Basic minimum notice period seems to be two months

Ivens v. Automodular Assemblies Inc. (2002), 18 C.C.E.L. (3d) 240 (Ont. S.C.J.)

Roben Ivens was hired as a labourer by Automodular Assemblies Inc. and was dismissed after two months of employment. As a result of various health-related issues, she was absent from work on a number of occasions. Her employment was terminated for cause due to excessive absenteeism and failure to meet the company’s performance standards.

The trial judge held Automodular had failed to follow its normal disciplinary procedure as outlined in its employee handbook in dismissing Ivens in respect of her performance.

The issue of significance in this case related to the consideration of Ivens’ pregnancy as a factor which could be taken into account in determining the appropriate period of notice. The argument on behalf of Ivens was that her pregnancy was a factor which should be considered because it would make finding alternative employment difficult.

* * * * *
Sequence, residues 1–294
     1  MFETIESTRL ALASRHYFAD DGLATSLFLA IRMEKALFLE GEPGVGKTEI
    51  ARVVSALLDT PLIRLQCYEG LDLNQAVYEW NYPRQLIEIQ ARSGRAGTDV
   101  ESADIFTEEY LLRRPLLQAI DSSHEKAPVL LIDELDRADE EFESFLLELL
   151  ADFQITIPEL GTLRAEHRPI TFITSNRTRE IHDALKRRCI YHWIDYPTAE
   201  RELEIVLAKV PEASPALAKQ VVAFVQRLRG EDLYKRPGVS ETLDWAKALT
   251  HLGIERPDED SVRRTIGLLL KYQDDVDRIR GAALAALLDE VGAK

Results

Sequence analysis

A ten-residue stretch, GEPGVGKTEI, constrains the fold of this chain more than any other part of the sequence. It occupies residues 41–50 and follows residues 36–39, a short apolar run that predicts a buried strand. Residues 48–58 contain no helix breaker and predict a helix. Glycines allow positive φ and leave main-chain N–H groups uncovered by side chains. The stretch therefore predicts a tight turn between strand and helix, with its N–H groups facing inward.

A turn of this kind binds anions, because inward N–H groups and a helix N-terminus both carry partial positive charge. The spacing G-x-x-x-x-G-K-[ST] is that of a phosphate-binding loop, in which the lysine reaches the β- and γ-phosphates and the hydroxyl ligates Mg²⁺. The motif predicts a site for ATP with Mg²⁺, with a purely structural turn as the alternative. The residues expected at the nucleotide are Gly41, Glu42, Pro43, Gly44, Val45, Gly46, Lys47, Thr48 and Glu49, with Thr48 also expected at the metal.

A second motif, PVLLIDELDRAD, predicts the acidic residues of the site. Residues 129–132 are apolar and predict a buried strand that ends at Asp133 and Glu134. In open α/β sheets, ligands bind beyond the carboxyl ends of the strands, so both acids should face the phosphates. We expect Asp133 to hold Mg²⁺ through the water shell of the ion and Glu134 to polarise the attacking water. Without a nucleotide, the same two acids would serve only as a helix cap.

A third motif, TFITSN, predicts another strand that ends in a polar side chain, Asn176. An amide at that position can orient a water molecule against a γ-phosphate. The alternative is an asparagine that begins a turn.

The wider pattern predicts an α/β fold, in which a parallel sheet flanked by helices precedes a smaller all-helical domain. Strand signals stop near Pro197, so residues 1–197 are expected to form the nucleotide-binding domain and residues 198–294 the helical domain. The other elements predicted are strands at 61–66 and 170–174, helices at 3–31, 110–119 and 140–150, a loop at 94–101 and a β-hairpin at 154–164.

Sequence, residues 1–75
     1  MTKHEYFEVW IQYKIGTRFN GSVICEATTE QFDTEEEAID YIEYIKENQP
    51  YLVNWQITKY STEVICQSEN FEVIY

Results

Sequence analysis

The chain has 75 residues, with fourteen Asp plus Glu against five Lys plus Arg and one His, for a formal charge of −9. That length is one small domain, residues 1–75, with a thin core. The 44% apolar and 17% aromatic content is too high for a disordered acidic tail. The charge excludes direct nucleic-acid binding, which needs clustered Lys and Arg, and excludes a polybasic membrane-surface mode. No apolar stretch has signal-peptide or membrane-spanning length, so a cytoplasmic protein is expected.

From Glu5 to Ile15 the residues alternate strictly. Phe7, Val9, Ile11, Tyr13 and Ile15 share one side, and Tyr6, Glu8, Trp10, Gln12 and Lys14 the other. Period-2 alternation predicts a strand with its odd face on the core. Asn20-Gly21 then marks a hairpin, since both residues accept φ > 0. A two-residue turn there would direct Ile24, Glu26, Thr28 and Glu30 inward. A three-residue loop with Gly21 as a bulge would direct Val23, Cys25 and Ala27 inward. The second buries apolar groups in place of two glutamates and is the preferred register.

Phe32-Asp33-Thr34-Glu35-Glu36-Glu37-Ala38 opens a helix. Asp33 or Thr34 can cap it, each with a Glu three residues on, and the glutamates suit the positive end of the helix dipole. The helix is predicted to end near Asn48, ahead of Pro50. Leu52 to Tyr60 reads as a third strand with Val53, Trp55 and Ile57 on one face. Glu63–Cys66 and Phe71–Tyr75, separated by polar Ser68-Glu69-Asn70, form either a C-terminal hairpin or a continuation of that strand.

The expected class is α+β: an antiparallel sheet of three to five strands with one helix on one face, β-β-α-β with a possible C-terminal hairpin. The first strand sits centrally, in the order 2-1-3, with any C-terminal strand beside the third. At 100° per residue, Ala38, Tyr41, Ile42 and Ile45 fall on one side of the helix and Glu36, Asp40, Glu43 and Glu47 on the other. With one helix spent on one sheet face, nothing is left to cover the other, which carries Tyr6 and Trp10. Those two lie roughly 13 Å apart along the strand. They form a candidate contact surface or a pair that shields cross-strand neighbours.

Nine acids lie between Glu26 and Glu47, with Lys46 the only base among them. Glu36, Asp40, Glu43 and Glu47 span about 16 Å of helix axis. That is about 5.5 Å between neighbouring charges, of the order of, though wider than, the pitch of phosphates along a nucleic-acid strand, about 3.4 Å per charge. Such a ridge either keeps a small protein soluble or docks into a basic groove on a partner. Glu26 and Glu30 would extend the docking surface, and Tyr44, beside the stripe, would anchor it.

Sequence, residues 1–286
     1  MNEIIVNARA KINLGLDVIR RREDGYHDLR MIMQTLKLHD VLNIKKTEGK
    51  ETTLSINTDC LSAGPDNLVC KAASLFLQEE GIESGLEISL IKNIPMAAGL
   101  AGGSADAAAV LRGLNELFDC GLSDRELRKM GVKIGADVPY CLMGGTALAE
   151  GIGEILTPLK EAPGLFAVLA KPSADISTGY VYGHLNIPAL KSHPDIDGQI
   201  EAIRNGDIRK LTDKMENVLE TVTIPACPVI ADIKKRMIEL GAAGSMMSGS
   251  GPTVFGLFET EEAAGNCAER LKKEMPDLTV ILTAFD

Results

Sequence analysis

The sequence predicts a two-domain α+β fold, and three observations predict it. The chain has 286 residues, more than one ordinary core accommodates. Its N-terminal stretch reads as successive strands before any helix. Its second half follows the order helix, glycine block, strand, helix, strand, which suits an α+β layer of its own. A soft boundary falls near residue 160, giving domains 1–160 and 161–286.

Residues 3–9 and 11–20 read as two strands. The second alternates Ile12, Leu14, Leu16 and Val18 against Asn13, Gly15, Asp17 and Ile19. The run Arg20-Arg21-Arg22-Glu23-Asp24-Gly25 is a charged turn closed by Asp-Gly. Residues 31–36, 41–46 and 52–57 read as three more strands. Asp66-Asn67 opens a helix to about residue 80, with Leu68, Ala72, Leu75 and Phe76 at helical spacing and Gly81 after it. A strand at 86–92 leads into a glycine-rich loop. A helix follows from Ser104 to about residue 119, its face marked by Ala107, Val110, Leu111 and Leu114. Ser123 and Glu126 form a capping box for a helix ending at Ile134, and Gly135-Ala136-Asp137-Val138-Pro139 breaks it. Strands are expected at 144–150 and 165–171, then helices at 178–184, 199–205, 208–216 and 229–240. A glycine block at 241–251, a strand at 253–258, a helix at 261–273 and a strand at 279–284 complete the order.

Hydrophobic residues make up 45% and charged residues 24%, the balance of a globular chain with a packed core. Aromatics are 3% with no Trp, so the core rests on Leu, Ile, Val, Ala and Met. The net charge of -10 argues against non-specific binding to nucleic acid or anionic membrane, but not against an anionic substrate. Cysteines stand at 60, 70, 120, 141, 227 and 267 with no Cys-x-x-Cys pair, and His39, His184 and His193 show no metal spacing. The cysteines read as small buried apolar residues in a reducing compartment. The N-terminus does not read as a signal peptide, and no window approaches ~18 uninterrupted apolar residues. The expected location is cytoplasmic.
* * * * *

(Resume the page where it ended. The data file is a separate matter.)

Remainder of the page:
The trial judge rejected this argument, stating he was not provided with any case where a court had explicitly recognized pregnancy as a factor which should be taken into account.

The Ontario Superior Court of Justice overturned the trial judge’s decision holding that her pregnancy complications were a factor which should have been considered for Ivens. Although it rejected the notion pregnancy should be given precedence as an overriding and dominant factor, it did substitute the trial judge’s original award of one week’s salary with an award equivalent to eight weeks.

Given that her length of employment was two months in total, an award of two months’ notice supports the notion there is a basic minimum notice period which courts will award in cases of wrongful dismissal which this case suggests is about two months.

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